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I hate movies that have too much relevance


#1

I hate the fact that people and mostly critics LOVE movies with RELEVANCE. I don’t like to watch movies that have so much “relevance” to real life.



A movie that focuses on the living conditions of a minority in a certain period of time? SNORE

A history piece about some royal family, but with some fictitious content so that people don’t fall asleep? I’M GONE. Mixing facts with fiction, NO THANK YOU. If I want the truth, I’ll read a book.

A movie about a guy who’s girlfriend is killed, so he snaps and hunts them down, killing them one by one? YES PLEASE!

A completely fictitious movie about two people falling in love and their story? SURE!

A 4 hour biopic about Hitler? I’M OUT.

A comedy musical about Hitler? YESSIR!



Why do you think dramas, biopics and historical pieces win Oscars so damn much? Because our western society and the critics are obsessed with movies that have RELEVANCE. (See WW2 movies for example) Too many people are still hung up with this high culture / pop culture bullcrap. Well if there are really only those two, I know which side I am on.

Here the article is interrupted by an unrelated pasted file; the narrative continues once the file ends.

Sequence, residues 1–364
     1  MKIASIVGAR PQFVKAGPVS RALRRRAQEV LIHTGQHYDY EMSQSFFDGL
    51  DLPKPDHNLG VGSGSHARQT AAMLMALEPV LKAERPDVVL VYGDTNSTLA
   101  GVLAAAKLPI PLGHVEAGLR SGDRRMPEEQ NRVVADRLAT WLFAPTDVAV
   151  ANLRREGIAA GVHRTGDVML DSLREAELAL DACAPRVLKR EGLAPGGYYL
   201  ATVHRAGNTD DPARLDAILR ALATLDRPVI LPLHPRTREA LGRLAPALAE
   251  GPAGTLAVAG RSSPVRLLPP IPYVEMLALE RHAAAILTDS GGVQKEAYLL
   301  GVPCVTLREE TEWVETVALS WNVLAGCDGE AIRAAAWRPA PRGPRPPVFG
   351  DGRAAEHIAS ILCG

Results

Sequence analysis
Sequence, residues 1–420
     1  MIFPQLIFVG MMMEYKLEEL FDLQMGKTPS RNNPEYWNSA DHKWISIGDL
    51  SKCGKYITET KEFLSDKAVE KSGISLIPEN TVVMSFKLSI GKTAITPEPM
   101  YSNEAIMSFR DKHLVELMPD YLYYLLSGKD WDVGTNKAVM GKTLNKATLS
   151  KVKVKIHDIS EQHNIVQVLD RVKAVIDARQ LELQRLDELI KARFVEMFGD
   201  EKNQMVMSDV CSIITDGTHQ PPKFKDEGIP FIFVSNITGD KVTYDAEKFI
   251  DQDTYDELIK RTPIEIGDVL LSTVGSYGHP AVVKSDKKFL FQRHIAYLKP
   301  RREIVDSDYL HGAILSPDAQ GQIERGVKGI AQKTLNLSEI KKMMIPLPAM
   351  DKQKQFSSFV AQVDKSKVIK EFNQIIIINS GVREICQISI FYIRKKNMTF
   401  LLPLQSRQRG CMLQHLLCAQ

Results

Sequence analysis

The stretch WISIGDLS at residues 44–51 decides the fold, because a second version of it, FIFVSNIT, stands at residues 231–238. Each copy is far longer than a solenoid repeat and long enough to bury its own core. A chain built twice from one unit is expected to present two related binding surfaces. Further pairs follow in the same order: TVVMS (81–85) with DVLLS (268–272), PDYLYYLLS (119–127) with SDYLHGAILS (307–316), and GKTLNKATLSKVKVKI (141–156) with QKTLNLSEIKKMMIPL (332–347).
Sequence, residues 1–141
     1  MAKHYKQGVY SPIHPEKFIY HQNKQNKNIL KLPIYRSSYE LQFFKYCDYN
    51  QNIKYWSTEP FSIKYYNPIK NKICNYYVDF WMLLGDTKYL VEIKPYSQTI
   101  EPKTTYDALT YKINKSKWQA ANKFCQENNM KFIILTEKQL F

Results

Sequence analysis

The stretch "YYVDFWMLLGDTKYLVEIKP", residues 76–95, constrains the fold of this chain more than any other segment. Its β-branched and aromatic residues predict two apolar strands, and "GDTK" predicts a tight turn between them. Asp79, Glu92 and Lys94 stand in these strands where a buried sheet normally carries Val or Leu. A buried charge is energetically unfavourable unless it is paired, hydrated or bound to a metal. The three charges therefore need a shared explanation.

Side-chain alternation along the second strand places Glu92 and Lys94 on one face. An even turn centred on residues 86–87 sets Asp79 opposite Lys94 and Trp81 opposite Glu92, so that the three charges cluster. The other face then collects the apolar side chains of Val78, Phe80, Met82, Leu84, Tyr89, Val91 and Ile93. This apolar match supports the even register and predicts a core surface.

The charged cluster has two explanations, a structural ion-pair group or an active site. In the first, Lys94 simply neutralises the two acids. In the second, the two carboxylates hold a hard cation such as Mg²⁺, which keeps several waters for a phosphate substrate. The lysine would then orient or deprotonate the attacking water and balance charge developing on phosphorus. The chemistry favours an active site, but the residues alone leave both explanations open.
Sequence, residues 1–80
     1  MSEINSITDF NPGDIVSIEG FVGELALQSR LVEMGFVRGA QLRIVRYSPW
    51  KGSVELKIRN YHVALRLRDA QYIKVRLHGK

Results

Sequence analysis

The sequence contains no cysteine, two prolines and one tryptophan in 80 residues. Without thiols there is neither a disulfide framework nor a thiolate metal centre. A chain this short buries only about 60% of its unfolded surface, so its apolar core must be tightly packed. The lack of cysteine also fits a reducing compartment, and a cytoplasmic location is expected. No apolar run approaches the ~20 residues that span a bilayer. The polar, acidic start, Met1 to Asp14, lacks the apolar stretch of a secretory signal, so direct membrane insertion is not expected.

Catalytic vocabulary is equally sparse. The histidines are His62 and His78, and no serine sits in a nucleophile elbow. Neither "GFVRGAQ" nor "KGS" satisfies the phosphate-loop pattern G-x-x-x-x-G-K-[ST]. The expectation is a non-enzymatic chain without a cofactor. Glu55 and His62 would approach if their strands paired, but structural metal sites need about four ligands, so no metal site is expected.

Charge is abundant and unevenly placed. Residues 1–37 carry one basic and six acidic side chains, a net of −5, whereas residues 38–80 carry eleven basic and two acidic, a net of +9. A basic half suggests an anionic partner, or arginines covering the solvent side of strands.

What’s your opinion?


#2

I watch films to escape reality… not contemplate it… not really… i like the stuff i watch to mirror reality…


#3

Jesus ate crackers, stop bitching and let people watch whatever they like and keep watching whatever you watch. Opinions are like buttholes, everyones got one.


#4

I have to say I don’t see much logic in your categorizing. Plot and subject are totally irrelevant to me (if you read my reviews you can see I only write about the plot when I’ve ran out of other things to write about…). It’s always the experiences and emotions that I’m looking for. A Hitler biopic or the new Rambo, they’re both standing on the same starting line. The fact that the Hitler film is based on true events (well, so is Rambo, to some extent) doesn’t make it any more or less valuable. The only thing that matters is what they achieve in the end, which is the amount of enjoyment they give you. But that of course can be achieved in different ways, and also depends on the person.